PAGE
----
On May 22, WA’s first ever Aboriginal Legislative Council member Rosetta Sahanna took on the task of representing the Mining and Pastoral Region.

The Wilinggin woman never expected to win her seat; at fourth on the ticket for Labor in a seat that is usually evenly split between the major parties, the unprecedented March election took everyone, including Ms Sahanna, by surprise.

“I was No. 4 on that ticket,” she said.

“I had convinced myself there was no way I was getting in, then as the results came in I started getting calls from people and I was just sitting there like a stunned mullet.”

For the past 10 years, the six Mining and Pastoral Region Upper House seats have been evenly split between Labor, Liberal, Greens and Nationals members. At the March election that decimated the WA Liberals, Labor romped in.

Aboriginal Affairs Minister Stephen Dawson, Kyle McGinn and Peter Foster accompanying Ms Sahanna took four of the six seats. The Daylight Saving Party’s Wilson Tucker took another of the region’s seats and the Liberals’ Neil Thompson took the last.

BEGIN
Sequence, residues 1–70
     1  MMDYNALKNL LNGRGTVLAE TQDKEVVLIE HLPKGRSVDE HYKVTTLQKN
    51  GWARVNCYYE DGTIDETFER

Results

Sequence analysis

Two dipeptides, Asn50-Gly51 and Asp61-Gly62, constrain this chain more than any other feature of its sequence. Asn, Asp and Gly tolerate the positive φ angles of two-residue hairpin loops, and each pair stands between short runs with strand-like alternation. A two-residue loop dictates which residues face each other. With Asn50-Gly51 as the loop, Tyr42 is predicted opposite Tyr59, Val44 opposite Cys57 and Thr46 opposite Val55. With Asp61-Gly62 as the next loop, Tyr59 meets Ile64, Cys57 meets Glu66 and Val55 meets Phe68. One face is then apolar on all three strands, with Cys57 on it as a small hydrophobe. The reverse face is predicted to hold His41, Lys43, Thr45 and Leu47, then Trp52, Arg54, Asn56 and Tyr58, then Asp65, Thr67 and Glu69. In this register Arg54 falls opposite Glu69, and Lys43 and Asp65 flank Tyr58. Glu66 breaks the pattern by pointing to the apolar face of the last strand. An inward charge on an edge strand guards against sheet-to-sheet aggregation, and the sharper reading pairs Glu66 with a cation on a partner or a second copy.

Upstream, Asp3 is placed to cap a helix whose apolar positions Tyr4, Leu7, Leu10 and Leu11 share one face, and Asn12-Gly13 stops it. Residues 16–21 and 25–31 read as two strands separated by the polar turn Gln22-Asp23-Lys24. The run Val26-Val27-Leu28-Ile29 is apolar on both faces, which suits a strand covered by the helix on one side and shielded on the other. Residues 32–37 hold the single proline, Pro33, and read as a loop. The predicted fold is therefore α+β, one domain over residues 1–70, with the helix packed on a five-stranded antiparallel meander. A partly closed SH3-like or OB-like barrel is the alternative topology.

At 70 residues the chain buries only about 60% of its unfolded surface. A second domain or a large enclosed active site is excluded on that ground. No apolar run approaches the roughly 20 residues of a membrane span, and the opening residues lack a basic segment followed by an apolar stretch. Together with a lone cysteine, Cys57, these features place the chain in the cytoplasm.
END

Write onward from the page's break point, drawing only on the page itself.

For the past 30 years, Broome local Ms Sahanna has served at all levels in the Indigenous sector, starting in junior administrative roles and working her way up to chief executive.

Most recently Ms Sahanna served as operations manager at Nirrumbuk Aboriginal Corporation, but she has also worked at the Kimberley Land Council, the Kimberley Stolen Generation Aboriginal Corporation and on the Kimberley Aboriginal Medical Services Council.

Ms Sahanna, a mother to two daughters and grandmother to four granddaughters, says she’s passionate about women’s issues. She says government must implement early intervention for children and families to stop dysfunction before children come into contact with the criminal justice system.

“I’ve been looking, listening, learning. I have lots of experience at a grassroots level. But now’s my time to contribute, to come to the front of the room,” she said.

By Sarah Smit